Even though my daughter had been dead for seven years by then, I knew what these people were feeling. I understood their tears, their heartache, their overwhelming sense of loss. It would be a long time before they could get on with their lives, but I knew they eventually would. What choice did they have? That week was a moment in time that to this day, I still remember and think about as the start of my own personal journey with my book that opened up a whole new world to me.
As a side note: a few months after returning home I was called and questioned by the FBI. Coincidence can play a large part in our lives. I was asked if I had seen anything out of the ordinary in the hotel late that night or early morning of September 11. “No, I hadn’t,” I said. As it turned out, I was told that some of the hijackers who flew the planes that fateful morning were in that same hotel and sleeping on the 5th floor right next door to me.
Sunday, September 7, 2008
I remember she died the year she was planning a big surprise birthday party for my 50th. I was told after the accident. I know it would have been great. She was a great planner in all she did. And everything always had to be perfect in what she would do. Very much like her mother, a perfectionist.
She did give me one surprise birthday party when I was 36 years old, planning and executing it all herself. She was barely a teenager at the time. I remember having to act very surprised when I walked into the house, since one of my friends let it slip out accidentally. The house was decorated beautifully with balloons and birthday paraphernalia. She had baked her own cake, and of course, made sure everyone brought a card and little gift. I remember being surprised at the time that she knew exactly who to ask to the small party and how to make sure I was out of the house for the preparations. Even at that young age, she knew what to do.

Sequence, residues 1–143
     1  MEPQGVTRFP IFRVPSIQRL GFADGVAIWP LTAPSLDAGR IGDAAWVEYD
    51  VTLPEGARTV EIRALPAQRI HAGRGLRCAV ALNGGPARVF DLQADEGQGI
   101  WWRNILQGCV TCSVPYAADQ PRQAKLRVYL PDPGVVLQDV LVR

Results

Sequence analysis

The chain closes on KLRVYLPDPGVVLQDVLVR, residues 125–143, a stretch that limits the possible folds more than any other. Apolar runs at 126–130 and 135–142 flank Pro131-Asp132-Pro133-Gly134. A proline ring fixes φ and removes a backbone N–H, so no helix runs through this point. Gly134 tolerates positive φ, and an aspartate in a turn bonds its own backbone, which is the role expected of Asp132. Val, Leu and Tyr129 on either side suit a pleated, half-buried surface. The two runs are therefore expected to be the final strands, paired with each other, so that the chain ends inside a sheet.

Now, many years later, I still think of all the very cute cards she sent me each year. Most of them were very funny and clever. If she lived away from home, I always got a call. She also always made sure her dad bought me something. He used to laugh at how persistent she was that it had to be a special, thoughtful gift. She didn’t always succeed, since his thoughts always ran towards kitchenware items. (I didn’t have that much time to cook since I was teaching full time, so kitchenware was not my favorite. Maybe it was a hint!) She, in turn, always bought her own gift for me; she didn’t always like what her dad chose.
And if her dad wanted to give me a gift a few days early, it was absolutely forbidden by Marcy. “No,” she used to tell him. “The gift must be given on the exact date to be meaningful.”
I smile when I think of her legacy to me. I always make sure any gifts I give are done properly on the exact date. I try to choose a gift I know the person needs or wants, and I never, never buy kitchenware items!
Thanks, Marcy. You will always be by my side guiding me as I hope I always was for you. I know that somewhere up there you are still wishing me a happy birthday as I do every year for you. I miss you terribly, think of you every day and will continue to do so for the rest of my life.
Sunday, August 31, 2008
“This is a message of hope…a message that you will heal with time. Well, heal somewhat. I don’t think we ever truly “heal.” We never get over the death of our child, especially an only child as in my case.